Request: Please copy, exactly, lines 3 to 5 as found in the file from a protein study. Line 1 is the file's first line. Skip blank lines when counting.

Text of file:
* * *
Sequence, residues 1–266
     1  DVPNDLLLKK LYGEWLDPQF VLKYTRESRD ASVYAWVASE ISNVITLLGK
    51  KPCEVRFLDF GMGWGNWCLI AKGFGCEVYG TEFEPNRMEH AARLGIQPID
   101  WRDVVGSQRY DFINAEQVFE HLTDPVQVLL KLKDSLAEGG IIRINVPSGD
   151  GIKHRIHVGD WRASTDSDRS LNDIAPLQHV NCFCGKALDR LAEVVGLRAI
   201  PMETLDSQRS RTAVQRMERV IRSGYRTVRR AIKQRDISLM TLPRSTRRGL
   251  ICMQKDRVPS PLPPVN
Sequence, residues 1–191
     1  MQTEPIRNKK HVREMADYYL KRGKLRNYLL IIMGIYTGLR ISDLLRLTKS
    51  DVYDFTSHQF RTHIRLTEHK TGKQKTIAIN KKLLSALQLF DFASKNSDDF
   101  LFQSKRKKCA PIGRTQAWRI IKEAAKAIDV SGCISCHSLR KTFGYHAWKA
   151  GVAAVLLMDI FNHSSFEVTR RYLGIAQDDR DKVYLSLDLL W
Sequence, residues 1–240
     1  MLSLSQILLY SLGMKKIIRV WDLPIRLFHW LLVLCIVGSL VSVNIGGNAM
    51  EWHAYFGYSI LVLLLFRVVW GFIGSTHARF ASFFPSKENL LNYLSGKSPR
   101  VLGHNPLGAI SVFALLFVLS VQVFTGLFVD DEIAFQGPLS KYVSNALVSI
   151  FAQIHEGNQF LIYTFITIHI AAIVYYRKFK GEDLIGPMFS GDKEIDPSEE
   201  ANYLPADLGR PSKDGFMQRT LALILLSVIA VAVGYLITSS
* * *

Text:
    51  KPCEVRFLDF GMGWGNWCLI AKGFGCEVYG TEFEPNRMEH AARLGIQPID
   101  WRDVVGSQRY DFINAEQVFE HLTDPVQVLL KLKDSLAEGG IIRINVPSGD
   151  GIKHRIHVGD WRASTDSDRS LNDIAPLQHV NCFCGKALDR LAEVVGLRAI